Managing Children's Anxiety Before and After Surgery

Results of extensive research to find ways to help minimize the anxiety and emotional trauma children face before and after surgery.

Irvine, CA, September 16, 2009 --( The prospect of pediatric surgery is a frightening unknown for both the child and parent alike, and the pre-operative process that most children go through only heightens their anxiety. Research on how hospitals can minimize the anxiety and trauma children face both before and after surgery was recently published in the medical journal Anesthesiology.

Imagine you are a four-year-old. A total stranger takes you from your mother’s arms then stabs you with a needle. Then another stranger puts a mask over your face. This happens every day in hospitals all over the country, leading to extremely high levels of anxiety for children after their operation. Experts estimate that 50% of children who undergo general anesthesia have mental distress after the operation—everything from night terrors to longer-lasting emotional issues.

UC Irvine Department of Anesthesiology and Perioperative Care chairman Zeev Kain, M.D., has conducted extensive research to find ways to help minimize the anxiety and emotional trauma children face. As a result of that research, parents are now allowed in the operating room to hold small children while anesthesia is being administered in many hospitals in the US. In addition, sedative premedication is now given to many children prior to surgery, thus decreasing the stress of separation from the parents. And parents are allowed in recovery rooms so they are there when their child wakes up.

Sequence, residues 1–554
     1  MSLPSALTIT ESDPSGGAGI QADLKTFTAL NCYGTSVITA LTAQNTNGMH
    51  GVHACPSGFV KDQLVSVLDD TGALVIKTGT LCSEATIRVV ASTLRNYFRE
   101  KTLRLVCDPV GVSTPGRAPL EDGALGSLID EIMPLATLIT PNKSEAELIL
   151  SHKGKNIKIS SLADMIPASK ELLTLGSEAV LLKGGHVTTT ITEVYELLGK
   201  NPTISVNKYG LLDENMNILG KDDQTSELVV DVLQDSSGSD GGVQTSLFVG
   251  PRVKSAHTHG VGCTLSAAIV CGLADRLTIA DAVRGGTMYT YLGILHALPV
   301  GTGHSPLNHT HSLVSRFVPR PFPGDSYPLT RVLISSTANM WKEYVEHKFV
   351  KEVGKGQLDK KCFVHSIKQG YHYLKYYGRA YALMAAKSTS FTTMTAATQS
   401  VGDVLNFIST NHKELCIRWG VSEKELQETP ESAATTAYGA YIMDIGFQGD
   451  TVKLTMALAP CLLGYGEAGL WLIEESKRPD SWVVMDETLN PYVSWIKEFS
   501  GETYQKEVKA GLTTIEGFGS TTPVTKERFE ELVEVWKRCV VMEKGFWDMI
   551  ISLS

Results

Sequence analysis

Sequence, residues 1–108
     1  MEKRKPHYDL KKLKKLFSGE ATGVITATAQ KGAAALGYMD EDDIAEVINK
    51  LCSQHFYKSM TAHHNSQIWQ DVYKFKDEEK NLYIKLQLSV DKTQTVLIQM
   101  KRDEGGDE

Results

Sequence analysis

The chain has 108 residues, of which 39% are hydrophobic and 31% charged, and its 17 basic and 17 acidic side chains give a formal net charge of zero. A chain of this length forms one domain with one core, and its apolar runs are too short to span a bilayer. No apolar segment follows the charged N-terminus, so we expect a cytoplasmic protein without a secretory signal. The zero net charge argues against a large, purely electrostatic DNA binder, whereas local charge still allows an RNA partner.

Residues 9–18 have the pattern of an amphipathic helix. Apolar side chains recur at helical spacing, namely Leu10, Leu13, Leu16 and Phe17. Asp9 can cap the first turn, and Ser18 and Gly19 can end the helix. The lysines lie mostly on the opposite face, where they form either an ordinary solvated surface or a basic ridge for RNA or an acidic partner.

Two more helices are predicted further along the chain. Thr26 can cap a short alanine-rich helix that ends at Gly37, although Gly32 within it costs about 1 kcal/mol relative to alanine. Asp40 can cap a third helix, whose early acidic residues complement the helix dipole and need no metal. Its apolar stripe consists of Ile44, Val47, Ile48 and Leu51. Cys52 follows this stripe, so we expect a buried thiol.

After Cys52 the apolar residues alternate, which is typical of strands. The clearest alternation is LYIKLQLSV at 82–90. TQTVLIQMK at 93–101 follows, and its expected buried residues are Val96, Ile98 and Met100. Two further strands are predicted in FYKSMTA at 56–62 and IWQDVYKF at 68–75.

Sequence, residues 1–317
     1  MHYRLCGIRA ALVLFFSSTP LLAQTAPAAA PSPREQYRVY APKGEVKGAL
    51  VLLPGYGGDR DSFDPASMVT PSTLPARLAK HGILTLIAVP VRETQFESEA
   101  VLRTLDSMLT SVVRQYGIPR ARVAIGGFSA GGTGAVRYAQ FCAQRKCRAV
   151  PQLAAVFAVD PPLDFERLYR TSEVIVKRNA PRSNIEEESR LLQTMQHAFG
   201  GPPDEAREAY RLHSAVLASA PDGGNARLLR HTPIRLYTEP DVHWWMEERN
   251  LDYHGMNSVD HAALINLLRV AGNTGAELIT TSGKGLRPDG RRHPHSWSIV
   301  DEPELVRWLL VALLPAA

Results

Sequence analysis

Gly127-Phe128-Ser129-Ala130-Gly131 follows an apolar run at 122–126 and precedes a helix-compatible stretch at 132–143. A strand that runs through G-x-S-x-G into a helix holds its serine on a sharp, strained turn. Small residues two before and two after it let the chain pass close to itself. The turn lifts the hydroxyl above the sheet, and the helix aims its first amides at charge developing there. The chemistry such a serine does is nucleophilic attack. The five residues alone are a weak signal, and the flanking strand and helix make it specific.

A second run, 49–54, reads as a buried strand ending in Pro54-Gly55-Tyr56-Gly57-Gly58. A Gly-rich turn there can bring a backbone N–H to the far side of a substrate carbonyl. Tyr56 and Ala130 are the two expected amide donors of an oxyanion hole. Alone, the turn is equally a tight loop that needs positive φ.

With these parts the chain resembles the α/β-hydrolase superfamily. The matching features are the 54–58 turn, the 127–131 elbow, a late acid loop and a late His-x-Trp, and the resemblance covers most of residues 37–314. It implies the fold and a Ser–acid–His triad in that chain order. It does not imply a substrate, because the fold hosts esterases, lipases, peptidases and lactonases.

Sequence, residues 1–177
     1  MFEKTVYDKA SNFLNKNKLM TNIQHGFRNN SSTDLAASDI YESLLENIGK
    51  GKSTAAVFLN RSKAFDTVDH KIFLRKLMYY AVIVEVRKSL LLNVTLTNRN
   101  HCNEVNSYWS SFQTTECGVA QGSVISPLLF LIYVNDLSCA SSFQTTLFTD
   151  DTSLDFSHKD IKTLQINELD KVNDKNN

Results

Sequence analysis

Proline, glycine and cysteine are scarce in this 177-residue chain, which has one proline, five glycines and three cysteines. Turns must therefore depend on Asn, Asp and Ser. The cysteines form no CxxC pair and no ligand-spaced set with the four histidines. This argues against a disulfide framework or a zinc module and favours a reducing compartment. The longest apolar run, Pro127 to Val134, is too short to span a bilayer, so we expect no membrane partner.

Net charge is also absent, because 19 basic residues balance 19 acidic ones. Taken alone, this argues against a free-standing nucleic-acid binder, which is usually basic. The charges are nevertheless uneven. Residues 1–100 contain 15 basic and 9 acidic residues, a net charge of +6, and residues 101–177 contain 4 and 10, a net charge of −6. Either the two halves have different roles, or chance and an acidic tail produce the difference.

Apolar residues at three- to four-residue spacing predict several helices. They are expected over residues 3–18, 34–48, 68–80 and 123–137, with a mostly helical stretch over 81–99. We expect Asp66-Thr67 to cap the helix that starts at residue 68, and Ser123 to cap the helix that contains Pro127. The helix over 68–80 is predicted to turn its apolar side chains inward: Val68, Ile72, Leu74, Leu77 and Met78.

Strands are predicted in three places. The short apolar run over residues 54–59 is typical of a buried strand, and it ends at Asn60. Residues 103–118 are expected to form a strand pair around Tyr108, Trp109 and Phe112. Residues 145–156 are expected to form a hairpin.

Dr. Kain has also examined whether administering hormones before surgery can have an impact on post-operative anxiety. He recently published a study in the medical journal Anesthesiology looking at how the use of melatonin prior to surgery affects the more than three-million children aged 2-8 who have surgery each year. His research found that while 25% of children who underwent surgical procedures while under general anesthesia had an episode of post-operative hysteria (also known as “emergence delirium”), among children who received melatonin prior to their operation, that number dropped to five percent.

“Emergence delirium in children is not only frightening for parents, it can also lead to the development of behavioral changes beyond the child’s recovery period, including nightmares, bed wetting, and separation anxiety,” said Dr. Kain. “With more than three million children undergoing major surgery every year, anything we can do to minimize their trauma, and increase their parents’ peace of mind, is a significant breakthrough.”

The full article is available online at:

For more information on the UCI Department of Anesthesiology and Perioperative Care go to

Contacts: Gemma Cunningham: 949-637-4296
Sarah Ingram: 310-403-4574

Cunningham & Asssoc.
Gemma Cunningham